TomG
TomG
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Mission146
August 8th, 2021 at 2:53:51 PM permalink
Quote: AlanMendelson

I just read an article about a card counter who admitted to losing $6,000 in one day when he said he figured he had a positive expectation. He also said he typically plays $50 per hand but will increase his bets to $100 or $200 if the count dictates.

Now... I am not a blackjack player. I know nothing about card counting. So bear with me as I ask a few questions.

1. Losing $6,000 in a day when playing $50/hand?? That's 120 losing hands. Isnt that extreme-- especially for say 4 hours of play? How many hands per hour is typical at blackjack?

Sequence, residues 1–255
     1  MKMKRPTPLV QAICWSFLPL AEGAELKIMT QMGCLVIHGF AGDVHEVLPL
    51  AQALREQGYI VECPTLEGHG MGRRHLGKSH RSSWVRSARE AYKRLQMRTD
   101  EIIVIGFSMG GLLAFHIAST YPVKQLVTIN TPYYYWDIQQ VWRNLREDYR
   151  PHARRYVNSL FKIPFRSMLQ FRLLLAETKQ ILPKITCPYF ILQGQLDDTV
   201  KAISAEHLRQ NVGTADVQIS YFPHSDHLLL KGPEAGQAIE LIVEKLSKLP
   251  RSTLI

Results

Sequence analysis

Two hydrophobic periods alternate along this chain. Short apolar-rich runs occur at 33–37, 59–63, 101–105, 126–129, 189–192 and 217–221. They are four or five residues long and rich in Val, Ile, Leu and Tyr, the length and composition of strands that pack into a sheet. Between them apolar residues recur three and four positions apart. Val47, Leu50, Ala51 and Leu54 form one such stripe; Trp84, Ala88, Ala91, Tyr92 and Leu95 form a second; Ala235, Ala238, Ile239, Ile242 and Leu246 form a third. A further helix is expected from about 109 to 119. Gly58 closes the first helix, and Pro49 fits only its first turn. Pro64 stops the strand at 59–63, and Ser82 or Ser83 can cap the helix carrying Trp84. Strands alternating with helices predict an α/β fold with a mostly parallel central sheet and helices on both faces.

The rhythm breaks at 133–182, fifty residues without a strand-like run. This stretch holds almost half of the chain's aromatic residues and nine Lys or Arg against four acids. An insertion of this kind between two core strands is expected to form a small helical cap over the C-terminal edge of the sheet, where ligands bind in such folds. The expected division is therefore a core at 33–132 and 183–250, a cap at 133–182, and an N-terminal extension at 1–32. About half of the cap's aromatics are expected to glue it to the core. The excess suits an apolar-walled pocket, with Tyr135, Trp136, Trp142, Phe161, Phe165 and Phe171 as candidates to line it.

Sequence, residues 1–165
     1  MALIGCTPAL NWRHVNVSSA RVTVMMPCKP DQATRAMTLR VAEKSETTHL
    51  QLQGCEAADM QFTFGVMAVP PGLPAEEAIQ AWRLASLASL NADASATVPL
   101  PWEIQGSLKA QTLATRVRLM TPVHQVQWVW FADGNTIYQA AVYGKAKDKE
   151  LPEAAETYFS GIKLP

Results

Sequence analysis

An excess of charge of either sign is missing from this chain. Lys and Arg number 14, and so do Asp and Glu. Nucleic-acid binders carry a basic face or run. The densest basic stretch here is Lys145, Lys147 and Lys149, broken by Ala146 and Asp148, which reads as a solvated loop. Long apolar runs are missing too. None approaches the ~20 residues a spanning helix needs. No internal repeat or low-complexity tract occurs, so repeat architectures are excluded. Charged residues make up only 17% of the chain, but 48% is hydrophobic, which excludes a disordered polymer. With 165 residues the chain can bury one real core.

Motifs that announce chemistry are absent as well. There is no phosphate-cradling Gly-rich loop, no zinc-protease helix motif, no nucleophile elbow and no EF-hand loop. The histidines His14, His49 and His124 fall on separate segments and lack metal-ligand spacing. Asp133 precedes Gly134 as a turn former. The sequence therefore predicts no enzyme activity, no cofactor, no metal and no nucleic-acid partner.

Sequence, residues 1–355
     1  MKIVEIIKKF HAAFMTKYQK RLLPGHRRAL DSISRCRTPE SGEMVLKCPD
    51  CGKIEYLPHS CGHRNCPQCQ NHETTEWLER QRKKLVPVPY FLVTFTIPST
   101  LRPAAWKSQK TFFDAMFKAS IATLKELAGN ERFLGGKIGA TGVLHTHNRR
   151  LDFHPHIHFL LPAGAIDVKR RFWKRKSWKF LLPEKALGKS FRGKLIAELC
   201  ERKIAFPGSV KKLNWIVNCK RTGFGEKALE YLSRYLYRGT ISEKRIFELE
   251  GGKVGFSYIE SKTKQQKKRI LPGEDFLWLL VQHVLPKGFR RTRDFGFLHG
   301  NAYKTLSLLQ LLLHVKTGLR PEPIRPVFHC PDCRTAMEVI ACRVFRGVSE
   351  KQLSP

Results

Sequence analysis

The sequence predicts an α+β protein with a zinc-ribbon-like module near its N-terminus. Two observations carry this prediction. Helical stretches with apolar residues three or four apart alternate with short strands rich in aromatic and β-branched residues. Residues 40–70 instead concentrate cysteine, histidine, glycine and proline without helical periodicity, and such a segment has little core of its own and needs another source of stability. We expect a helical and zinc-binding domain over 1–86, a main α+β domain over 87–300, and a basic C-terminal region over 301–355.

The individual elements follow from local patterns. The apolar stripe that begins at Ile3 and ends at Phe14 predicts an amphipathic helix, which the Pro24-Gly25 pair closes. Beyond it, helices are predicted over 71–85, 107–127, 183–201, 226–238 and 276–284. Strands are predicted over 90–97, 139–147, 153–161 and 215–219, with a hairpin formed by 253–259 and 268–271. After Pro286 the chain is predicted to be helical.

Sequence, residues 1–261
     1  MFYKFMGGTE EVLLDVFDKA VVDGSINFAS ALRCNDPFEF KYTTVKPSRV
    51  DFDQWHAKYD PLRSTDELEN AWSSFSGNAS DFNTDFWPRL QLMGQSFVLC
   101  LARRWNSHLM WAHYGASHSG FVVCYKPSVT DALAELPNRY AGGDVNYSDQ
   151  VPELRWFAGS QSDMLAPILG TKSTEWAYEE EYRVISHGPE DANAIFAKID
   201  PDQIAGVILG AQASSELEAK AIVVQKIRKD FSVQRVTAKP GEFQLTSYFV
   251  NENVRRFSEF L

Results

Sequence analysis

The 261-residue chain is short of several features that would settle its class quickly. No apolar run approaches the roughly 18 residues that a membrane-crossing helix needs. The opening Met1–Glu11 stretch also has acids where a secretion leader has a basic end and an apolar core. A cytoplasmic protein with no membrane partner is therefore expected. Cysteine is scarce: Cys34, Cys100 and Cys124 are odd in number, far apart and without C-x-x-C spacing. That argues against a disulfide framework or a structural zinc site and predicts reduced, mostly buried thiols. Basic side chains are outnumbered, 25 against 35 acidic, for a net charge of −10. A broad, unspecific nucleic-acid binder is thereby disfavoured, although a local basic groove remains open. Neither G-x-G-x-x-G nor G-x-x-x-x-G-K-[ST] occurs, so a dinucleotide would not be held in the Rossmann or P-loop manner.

2. If a card counter believes he has an advantage but he's not winning, when does he admit something is wrong with his count or betting system?

I admit I've had days when I lost money like that at craps and video poker... but at those games you dont have a mathematical edge when you play.



Sounds like either a poorly written article or author has a weak understanding of blackjack and counting. There are lots of those online. But to answer your questions:

1) I would consider it on the extreme side for someone with a $200 max bet; I also understand extreme things happen all the time. It could be even more extreme for a black chip player to never see swings like that.

2) The best thing is for there to be a constant evaluation of as much as possible: conditions, edges, etc. Given a 4-to-1 spread, I would say there could very well be something wrong with whatever he is doing. Or there could just be some missing information.
kewlj
kewlj
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August 16th, 2021 at 9:43:59 AM permalink